Is Riley a girl or a boy? Riley decides to answer an entirely different question through the creative self-expression of their clothing.
Each day of the week, Riley invents a new outfit to wear to school, around the house, and to the park. The tan-skinned, dark-haired protagonist has clothing for every mood and occasion: a bunny suit for first-day-of-school shyness, “a superhero cape to the dentist’s because teeth cleaning is scary,” and a tutu, perfectly mismatched with a dinosaur hat, for the weekend. Instead of making Riley a target of bullies, the gender-fluid ensembles draw their classmates in. Heartwarmingly, Arnold and Davick depict the spectacularly nongendered protagonist in positive connection with the people around them. Children are at the center of this colorful story: Adults, when they appear, mostly line the periphery of Davick’s double-page–spread illustrations while classmates of various skin tones are featured in cheerful detail. In the growing landscape of children’s books that explore gender, this offering beautifully normalizes the multifaceted gender expressions people can have, demonstrates the support adults can provide to nonbinary children, and models how easily young ones can relate to one another without having to choose between two gender options. Though Riley’s gender identity is never explicitly stated in the narrative, Arnold and Davick’s entertaining tale speaks volumes about the creativity of nonbinary kids.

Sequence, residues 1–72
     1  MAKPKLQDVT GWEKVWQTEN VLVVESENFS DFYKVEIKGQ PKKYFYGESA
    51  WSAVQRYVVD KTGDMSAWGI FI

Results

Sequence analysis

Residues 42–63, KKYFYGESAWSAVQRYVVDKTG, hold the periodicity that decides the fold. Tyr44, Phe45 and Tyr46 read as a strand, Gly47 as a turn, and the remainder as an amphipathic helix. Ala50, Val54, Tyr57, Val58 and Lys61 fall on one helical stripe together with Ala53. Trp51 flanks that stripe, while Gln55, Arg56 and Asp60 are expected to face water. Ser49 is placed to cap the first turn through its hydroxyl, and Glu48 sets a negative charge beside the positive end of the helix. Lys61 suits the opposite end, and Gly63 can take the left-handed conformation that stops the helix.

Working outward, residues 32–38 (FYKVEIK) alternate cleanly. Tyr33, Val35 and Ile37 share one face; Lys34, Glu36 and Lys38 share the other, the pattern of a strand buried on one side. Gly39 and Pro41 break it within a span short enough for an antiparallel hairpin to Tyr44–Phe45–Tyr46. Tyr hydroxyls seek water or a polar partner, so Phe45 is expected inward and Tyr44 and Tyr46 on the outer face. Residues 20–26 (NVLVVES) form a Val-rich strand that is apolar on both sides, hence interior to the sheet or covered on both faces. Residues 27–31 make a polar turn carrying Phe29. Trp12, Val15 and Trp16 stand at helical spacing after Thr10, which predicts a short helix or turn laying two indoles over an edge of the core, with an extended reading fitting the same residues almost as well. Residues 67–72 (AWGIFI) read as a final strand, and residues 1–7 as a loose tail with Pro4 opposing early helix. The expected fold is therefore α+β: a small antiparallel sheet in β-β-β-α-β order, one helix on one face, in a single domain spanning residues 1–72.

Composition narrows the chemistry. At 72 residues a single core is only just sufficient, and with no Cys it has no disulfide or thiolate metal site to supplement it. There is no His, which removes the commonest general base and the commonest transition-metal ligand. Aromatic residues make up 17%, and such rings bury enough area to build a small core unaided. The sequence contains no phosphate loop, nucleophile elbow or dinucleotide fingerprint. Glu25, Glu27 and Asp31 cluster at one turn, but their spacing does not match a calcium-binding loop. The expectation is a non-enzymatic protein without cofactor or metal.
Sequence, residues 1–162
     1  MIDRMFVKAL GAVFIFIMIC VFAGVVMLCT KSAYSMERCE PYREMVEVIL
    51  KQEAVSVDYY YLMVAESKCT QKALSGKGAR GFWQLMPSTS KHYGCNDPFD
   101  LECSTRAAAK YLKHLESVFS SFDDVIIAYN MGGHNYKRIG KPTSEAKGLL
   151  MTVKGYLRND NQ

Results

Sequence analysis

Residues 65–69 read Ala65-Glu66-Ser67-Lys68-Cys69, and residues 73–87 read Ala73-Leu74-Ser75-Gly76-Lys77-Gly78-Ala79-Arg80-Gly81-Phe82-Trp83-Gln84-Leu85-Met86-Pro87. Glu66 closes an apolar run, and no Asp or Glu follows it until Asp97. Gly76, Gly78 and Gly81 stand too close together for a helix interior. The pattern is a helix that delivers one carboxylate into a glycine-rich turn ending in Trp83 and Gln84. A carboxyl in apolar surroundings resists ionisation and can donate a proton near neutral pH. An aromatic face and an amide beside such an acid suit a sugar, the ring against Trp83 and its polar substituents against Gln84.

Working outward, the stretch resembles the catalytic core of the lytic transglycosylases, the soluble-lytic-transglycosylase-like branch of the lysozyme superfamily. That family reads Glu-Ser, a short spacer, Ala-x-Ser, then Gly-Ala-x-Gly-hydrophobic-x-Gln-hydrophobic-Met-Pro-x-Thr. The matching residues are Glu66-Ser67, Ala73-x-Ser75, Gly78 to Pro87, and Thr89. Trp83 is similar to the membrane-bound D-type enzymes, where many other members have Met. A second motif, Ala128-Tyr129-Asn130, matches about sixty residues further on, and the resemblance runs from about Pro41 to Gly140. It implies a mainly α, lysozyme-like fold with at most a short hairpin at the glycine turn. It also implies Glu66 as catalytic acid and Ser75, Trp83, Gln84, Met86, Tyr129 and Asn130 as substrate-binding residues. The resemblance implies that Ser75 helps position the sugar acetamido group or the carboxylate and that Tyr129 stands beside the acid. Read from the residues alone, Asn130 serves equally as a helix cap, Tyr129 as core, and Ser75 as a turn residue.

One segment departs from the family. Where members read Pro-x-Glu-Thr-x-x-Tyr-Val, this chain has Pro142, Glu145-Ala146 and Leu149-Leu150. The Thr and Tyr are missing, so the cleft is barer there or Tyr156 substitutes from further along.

Riley’s courageous vulnerability is refreshing, fun, and worthy of celebration.(Picture book. 3-9)